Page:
The Taliban claimed control over two of Afghanistan’s biggest cities on Thursday, according to media reports, as the United States and Britain said they would send thousands of troops to help evacuate their embassy staff.
The capture of Kandahar and Herat — the country’s second and third largest cities — would represent the Taliban’s two biggest military victories since they began a broad offensive in May.
The fall of major cities was a sign that Afghans welcome the Taliban, a spokesperson for the group said, according to Al Jazeera TV.
The US State Department said Secretary of State Antony Blinken and Defense Secretary Lloyd Austin spoke to Afghan President Ashraf Ghani on Thursday and told him the United States “remains invested in the security and stability of Afghanistan.” They also said the United States was committed to supporting a political solution to the conflict.
In response to the Taliban’s swift and violent advances, the Pentagon said it would send about 3,000 extra troops within 48 hours to help evacuate embassy staff.
“We expect to draw down to a core diplomatic presence in Afghanistan in the coming weeks,” said State Department spokesperson Ned Price, adding the embassy was not closed. A person familiar with the matter said there were no guarantees the embassy would remain open.
The State Department said it would also increase the tempo of Special Immigration Visa flights for Afghans who helped the US effort in the country.
Britain said it would deploy around 600 troops to help its nationals and local translators get out.
As the United Nations warned that a Taliban offensive reaching the capital would have a “catastrophic impact on civilians,” the United States and Germany urged all their citizens to leave Afghanistan immediately.
In Qatar, international envoys to Afghan negotiations called for an accelerated peace process as a “matter of great urgency,” and for an immediate halt to attacks on cities.
The fall of both Kandahar and Herat was reported by media including the Associated Press. Combined, the cities represent the two biggest prizes yet for the Taliban in their offensive over the past week.
“As you can see, we are inside the Herat police headquarters right now,” a Taliban fighter said in a video shared by a group spokesperson, Qari Yousuf Ahmadi.
Earlier on Thursday, the Taliban captured Ghazni, situated on the Kandahar-to-Kabul road some 150 km (90 miles) southwest of the capital.
On the border, Afghans stranded in Pakistan after the Taliban closed a commercially vital crossing point clashed with Pakistani forces. The death of an Afghan traveler of a heart attack as he waited in the dusty heat near the Chaman-Spin Boldak crossing sparked an attack by others on Pakistani security forces, who responded by firing tear gas and charging with batons.
On Wednesday, a US defense official cited US intelligence as saying the Taliban could isolate Kabul in 30 days and possibly take it over within 90.
With phone lines down across much of the country, Reuters was unable to immediately contact government officials to confirm which of the cities under attack remained in government hands.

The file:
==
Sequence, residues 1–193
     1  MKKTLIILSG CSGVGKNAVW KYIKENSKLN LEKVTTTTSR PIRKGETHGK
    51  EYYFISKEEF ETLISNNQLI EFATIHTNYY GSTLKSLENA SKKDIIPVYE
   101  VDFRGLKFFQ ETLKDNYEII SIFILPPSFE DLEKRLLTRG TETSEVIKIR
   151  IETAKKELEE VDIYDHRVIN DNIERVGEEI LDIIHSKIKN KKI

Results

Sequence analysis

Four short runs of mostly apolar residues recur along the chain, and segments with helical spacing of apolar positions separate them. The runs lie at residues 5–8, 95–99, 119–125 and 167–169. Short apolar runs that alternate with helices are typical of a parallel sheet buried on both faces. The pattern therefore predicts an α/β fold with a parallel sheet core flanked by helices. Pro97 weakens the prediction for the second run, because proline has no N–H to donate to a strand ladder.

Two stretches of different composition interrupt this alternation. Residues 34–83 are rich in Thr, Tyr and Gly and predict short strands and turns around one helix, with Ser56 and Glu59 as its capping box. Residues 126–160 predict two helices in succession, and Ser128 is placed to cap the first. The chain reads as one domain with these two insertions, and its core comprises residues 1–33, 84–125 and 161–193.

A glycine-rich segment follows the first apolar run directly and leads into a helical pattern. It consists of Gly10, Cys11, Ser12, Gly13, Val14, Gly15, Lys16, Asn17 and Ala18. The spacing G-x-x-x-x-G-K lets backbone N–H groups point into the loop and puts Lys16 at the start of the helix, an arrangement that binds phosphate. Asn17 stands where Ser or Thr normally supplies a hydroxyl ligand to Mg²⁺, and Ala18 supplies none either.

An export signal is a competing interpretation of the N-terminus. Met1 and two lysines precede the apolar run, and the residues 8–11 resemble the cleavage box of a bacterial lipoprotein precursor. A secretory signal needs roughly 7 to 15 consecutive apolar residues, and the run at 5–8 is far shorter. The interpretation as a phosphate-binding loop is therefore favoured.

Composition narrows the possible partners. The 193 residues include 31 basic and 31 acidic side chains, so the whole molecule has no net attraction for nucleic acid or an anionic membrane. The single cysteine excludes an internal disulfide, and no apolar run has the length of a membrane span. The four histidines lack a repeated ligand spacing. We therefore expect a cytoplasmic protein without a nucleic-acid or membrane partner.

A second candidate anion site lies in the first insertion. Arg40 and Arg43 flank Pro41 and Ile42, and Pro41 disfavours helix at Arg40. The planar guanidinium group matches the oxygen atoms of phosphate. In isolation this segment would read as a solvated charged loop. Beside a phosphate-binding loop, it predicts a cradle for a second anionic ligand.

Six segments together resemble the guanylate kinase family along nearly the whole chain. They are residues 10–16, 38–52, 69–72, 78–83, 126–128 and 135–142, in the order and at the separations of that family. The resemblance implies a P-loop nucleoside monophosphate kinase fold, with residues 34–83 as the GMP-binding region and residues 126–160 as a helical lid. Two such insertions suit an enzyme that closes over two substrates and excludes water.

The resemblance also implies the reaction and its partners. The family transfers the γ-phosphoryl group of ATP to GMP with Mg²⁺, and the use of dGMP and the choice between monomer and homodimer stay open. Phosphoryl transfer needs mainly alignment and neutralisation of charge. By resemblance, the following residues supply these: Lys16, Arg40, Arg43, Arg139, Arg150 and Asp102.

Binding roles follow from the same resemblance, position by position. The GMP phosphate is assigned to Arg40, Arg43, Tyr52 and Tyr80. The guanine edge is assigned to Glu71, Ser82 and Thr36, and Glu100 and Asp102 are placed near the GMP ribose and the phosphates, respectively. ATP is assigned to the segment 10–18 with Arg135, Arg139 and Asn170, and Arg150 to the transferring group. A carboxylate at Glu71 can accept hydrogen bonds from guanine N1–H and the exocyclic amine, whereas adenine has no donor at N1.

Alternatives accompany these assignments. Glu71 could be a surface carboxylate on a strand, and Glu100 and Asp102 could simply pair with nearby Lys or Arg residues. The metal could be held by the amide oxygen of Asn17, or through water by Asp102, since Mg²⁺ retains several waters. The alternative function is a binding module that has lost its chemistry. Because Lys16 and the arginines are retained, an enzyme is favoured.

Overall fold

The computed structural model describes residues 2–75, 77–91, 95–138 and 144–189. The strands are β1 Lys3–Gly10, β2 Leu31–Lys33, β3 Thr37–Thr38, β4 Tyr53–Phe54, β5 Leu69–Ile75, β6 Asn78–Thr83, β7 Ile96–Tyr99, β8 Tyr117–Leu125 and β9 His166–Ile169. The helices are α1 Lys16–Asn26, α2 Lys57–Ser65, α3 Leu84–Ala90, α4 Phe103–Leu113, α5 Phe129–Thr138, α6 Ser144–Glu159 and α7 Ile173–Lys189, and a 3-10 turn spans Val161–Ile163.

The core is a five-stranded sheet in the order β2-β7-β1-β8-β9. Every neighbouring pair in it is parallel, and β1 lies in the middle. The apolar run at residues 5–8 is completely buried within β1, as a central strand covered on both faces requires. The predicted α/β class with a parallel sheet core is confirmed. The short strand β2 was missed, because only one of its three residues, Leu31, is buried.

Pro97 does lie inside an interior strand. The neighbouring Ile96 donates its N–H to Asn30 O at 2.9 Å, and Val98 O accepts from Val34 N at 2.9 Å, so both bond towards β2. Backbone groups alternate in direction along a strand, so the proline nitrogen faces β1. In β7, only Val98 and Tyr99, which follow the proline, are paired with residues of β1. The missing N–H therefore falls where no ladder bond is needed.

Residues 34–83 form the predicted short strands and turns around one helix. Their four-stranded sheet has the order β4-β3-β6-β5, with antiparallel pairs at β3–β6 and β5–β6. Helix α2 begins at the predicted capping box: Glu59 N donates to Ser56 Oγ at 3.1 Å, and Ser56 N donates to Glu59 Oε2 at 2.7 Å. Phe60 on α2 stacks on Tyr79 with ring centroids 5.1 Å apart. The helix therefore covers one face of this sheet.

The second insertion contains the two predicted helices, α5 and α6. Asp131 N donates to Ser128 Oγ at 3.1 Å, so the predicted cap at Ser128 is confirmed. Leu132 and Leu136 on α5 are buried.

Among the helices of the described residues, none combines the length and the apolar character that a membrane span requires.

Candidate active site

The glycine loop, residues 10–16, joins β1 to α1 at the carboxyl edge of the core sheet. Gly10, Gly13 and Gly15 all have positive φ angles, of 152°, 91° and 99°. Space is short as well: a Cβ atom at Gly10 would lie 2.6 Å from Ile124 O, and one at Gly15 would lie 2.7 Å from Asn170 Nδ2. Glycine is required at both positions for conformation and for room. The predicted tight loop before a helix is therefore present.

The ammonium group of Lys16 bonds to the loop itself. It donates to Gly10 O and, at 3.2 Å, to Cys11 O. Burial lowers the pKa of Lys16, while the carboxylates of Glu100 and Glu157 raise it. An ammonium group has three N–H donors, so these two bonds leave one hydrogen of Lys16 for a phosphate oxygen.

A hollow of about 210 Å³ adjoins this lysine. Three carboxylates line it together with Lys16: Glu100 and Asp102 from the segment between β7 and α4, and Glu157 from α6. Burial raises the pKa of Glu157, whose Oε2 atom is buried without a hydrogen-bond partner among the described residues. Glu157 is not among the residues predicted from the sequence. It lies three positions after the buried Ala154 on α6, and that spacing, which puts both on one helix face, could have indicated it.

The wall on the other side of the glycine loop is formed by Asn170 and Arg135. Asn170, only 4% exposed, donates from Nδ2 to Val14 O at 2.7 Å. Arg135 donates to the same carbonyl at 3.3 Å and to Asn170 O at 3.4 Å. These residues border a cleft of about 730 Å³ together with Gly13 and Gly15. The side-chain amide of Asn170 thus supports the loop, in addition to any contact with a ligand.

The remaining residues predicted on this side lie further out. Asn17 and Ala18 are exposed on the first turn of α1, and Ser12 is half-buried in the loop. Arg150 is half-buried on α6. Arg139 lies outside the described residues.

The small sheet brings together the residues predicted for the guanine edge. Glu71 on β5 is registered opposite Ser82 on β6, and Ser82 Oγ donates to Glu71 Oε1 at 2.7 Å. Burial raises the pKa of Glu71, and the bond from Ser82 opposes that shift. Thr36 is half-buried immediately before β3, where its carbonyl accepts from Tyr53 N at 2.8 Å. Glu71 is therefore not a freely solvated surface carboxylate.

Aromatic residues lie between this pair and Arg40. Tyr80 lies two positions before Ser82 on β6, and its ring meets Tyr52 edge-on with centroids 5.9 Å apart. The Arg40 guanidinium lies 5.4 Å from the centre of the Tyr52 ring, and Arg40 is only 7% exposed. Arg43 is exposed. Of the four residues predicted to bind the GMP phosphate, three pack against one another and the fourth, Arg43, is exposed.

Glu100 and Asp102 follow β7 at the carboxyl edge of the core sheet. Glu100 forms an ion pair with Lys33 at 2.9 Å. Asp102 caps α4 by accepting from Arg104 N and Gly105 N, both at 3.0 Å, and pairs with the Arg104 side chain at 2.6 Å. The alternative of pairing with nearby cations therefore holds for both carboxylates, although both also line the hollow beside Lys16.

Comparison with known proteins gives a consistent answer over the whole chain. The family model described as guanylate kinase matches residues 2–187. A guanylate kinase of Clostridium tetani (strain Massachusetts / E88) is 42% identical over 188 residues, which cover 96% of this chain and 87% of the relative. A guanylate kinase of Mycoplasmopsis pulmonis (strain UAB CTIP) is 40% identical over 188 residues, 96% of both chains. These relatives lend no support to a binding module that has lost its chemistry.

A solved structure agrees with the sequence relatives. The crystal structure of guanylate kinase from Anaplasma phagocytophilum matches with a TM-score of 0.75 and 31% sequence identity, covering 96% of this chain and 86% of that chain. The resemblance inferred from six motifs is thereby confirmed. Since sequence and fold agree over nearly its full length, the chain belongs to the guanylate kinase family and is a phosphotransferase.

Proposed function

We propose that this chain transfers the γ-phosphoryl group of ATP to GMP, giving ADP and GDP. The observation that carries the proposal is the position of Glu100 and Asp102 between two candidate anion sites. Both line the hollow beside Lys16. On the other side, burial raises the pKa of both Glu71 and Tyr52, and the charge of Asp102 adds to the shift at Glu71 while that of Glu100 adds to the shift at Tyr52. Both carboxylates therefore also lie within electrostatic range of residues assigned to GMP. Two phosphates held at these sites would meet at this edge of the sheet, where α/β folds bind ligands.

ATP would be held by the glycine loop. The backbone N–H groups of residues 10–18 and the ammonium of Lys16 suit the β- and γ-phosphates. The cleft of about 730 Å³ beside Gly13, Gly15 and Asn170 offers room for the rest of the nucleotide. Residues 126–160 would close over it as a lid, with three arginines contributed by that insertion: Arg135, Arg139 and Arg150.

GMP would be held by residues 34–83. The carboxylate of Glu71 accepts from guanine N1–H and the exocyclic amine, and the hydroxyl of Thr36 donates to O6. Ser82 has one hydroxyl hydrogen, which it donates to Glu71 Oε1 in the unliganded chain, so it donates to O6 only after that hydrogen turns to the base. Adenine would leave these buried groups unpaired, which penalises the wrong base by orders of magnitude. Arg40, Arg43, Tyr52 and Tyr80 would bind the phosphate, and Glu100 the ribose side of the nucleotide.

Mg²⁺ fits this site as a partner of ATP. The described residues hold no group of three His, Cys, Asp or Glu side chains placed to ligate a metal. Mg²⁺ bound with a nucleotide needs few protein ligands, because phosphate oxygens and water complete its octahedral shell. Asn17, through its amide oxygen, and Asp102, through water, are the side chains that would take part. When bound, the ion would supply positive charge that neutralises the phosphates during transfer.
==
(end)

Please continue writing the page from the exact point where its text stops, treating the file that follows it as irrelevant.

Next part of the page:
The speed and violence of the Taliban offensive have sparked recriminations among many Afghans over President Joe Biden’s decision to withdraw US troops, 20 years after they ousted in the Taliban in the wake of the Sept. 11 US attacks.
Biden said on Tuesday he does not regret his decision, noting Washington has spent more than $1 trillion in America’s longest war and lost thousands of troops. He added the United States continues to provide significant air support, food, equipment and salaries to Afghan forces.
US Senate Republican leader Mitch McConnell said the exit strategy was sending the United States “hurtling toward an even worse sequel to the humiliating fall of Saigon in 1975.”
“President Biden is finding that the quickest way to end a war is to lose it,” McConnell said, urging him instead to commit to providing more support to Afghan forces.
“Without it, Al-Qaeda and the Taliban may celebrate the 20th anniversary of the Sept. 11 attacks by burning down our Embassy in Kabul.”
Former State Department spokesperson Morgan Ortagus said it was “a huge foreign policy failure with generational ramifications just shy of seven months into this administration. Everything points to a complete collapse.”
In a deal struck with former US President Donald Trump’s administration last year, the insurgents agreed not to attack US-led foreign forces as they withdrew. The Taliban also made a commitment to discuss peace.
Given the speed of the Taliban’s advance, prospects for diplomatic pressure to affect the situation on the ground seemed limited, although the Taliban spokesman told Al Jazeera: “We will not close the door to the political track.”
Al Jazeera reported a government source saying it had offered the Taliban a share in power if the violence stopped. It was not clear to what extent the reported offer differed from terms already discussed in Qatar.
Taliban spokesperson Zabihullah Mujahid said he was unaware of any such offer but ruled out sharing power.
“We won’t accept any offer like this because we don’t want to be partner with the Kabul administration. We neither stay nor work for a single day with it,” he said.
The international envoys in Doha, who met with Afghan government negotiators and Taliban representatives, reaffirmed that foreign capitals would not recognize any government in Afghanistan “imposed through the use of military force.”
The UN Security Council was discussing a draft statement that would condemn the Taliban attacks, threaten sanctions, and affirm the non-recognition of an Islamic Emirate of Afghanistan, diplomats said on Thursday.
The formal statement, drafted by Estonia and Norway and seen by Reuters, has to be agreed by consensus by the 15-member body.
Source: Arab News